“LBJ”: Rob Reiner’s new film soft-pedals LBJ’s “accidental” presidency after Kennedy

I recall a drizzly late fall Election Day in 1964, after I had turned 21, when my father said, “Nobody can beat LBJ”.

And I remember the Sunday evening in Special Training Company at Fort Jackson, SC, March 31, 1968, a day I had cleaned a grease pit with a toothbrush, one of the lowest days of my life, hearing that LBJ would not accept a nomination for a second full term as “your president” in that year of “Medium Cool”.

LBJ” is a nice biopic by Rob Reiner, from Castle Rock Entertainment, with unusual distribution through Electric Entertainment.

The first half of the film walks through the day Kennedy was assassinated, with LBJ (Woody Harrelson) recalling earlier days in his career, when Kennedy needed him on the ticket in the 1960 election but then had to rein him in.   Johnson, while able to use the word “negro” with a bit of condescension, found himself moving toward Kennedy’s  (Jeffrey Donovan) thinking on civil rights, while fighting off powerful senator Richard Russell (Richard Jenkins), especially on deal to put a defense plant in Georgia and hire token blacks as engineers. Johnson also expresses his political cynicism to Robert Kennedy (Michael Stahl-David).  LBJ’s own experience with his own housekeeper helps shape his views toward progress, while Russell makes phony arguments about “freedom”.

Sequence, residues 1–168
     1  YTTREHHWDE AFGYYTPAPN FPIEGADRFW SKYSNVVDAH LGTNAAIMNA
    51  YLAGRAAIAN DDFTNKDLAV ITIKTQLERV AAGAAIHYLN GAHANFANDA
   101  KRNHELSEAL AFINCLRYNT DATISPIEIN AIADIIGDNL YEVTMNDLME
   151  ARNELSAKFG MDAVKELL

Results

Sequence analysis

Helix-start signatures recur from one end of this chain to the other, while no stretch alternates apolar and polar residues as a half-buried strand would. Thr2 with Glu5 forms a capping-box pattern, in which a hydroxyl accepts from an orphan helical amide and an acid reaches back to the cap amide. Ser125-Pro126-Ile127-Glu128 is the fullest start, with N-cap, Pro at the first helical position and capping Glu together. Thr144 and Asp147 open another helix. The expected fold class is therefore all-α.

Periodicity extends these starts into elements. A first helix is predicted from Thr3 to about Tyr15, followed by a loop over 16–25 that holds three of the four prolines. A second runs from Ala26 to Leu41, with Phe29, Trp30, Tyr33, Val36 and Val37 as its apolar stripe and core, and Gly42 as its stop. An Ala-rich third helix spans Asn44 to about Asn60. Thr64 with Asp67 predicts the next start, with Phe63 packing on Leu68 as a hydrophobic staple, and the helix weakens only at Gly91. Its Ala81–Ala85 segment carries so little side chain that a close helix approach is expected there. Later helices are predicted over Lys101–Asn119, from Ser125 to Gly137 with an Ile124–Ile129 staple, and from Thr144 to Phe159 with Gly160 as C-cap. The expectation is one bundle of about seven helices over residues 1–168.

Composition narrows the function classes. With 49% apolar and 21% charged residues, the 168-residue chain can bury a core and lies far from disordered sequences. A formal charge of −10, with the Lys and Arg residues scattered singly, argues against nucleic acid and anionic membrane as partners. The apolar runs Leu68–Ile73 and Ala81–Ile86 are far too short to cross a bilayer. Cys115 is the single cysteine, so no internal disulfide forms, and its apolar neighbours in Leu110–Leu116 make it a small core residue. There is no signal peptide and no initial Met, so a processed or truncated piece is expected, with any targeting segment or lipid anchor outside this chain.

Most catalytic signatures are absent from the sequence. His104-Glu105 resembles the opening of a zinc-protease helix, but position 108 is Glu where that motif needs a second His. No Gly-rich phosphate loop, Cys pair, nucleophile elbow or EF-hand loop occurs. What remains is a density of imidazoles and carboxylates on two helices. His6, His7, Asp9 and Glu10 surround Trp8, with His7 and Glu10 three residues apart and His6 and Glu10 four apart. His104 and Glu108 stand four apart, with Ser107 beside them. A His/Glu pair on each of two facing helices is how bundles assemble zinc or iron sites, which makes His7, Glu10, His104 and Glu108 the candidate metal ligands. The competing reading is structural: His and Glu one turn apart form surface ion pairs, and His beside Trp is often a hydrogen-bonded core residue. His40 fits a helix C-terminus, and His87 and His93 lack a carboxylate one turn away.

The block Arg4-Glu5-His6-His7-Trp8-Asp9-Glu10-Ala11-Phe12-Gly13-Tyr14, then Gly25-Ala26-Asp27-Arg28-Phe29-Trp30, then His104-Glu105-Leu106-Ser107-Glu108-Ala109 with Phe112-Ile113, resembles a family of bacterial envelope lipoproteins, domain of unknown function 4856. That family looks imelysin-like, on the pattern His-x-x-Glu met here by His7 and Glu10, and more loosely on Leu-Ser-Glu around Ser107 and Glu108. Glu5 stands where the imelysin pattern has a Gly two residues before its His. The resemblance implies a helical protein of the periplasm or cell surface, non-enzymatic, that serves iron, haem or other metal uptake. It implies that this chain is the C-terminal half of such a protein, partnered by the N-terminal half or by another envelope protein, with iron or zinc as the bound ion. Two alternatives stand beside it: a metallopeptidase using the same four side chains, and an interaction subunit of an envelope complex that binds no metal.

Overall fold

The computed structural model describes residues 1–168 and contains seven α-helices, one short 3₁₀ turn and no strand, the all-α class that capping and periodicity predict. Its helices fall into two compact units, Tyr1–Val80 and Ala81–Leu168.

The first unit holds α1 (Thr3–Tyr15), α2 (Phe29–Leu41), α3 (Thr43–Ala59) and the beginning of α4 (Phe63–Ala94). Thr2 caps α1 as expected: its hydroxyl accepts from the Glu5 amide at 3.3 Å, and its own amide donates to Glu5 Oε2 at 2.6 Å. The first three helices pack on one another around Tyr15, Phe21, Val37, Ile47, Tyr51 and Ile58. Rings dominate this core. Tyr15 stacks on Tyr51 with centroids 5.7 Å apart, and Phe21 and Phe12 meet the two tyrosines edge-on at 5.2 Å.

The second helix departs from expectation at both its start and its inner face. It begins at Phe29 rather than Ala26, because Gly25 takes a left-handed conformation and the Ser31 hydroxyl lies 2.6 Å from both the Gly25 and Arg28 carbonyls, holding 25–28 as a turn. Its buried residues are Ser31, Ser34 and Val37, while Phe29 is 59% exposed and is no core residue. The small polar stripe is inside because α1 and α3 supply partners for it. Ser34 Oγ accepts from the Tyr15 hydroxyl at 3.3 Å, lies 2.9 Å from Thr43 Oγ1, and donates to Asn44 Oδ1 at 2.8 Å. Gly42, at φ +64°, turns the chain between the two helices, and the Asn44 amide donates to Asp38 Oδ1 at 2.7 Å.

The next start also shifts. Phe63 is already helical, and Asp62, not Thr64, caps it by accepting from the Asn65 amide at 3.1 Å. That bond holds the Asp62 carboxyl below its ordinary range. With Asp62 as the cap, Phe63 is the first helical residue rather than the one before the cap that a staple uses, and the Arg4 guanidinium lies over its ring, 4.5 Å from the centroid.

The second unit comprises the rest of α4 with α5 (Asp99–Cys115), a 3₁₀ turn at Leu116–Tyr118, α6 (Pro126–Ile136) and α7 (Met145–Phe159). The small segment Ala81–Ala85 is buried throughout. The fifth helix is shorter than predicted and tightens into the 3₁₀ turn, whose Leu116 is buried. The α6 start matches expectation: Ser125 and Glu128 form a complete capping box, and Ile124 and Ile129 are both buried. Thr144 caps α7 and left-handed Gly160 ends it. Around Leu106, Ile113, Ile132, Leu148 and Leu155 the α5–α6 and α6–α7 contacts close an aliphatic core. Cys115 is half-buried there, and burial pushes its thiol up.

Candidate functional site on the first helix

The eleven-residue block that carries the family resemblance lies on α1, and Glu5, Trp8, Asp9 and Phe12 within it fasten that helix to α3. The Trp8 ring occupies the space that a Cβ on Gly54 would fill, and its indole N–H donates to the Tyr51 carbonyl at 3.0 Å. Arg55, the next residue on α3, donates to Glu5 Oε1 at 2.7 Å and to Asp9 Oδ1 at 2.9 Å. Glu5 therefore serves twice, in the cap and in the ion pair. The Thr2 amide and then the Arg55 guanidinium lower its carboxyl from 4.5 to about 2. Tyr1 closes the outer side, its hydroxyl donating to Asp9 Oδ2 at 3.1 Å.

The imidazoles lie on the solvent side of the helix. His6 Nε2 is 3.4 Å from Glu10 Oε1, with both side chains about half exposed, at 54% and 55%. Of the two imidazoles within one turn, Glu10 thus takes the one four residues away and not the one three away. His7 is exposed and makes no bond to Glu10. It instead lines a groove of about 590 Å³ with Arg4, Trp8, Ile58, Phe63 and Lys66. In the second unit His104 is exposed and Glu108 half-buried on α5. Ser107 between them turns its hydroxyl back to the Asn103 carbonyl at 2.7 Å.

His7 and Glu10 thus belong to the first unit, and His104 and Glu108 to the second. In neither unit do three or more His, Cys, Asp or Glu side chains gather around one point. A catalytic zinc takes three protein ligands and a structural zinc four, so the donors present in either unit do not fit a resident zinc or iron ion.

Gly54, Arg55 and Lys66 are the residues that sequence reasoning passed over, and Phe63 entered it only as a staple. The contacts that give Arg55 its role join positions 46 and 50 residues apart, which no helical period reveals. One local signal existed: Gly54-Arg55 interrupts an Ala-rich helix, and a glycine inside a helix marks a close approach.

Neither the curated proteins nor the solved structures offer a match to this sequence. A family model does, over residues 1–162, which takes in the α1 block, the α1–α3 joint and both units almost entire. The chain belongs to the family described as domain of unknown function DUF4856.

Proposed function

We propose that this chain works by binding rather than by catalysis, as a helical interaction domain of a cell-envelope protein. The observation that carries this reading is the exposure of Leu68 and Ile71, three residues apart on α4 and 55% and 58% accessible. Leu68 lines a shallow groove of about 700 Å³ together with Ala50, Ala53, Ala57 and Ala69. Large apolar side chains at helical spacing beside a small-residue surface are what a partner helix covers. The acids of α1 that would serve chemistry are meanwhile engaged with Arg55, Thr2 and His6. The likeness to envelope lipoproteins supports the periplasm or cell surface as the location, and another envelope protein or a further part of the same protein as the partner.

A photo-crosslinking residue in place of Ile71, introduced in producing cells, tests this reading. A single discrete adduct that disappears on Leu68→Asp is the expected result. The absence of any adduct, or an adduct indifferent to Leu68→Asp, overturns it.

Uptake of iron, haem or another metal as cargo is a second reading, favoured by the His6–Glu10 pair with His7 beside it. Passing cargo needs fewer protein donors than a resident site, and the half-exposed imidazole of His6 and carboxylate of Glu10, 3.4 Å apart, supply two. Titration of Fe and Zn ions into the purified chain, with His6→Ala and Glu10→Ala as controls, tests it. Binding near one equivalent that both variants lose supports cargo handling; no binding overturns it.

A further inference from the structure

The American public was not told of Kennedy’s death for 38 minutes, while LBJ mulled being sworn in immediately in Dallas on the plane, out of fear of a bigger conspiracy.

The film bypasses the Cuban Missile Crisis completely, and makes only brief references to Vietnam, which would heat up in 1965, after the time period covered by the film.

LBJ was capable of being quite crude in his talk, like about his clothes and tailor (“Sartor Researtus” indeed), and Ladybird (Jennifer Jason Leigh) covers for him, even in bed.

Name:  “LBJ
Director, writer:  Rob Reiner
Released:  2016
Format:  1.85:1
When and how viewed:  Regal Ballston Quarter, 2017/11/5, afternoon, good audience
Length:  98
Rating:  PG-13
Companies:  Electric Releasing, Castle Rock
Link:  official

(Posted: Sunday, Nov. 5, 2017 at 11:45 PM EST)

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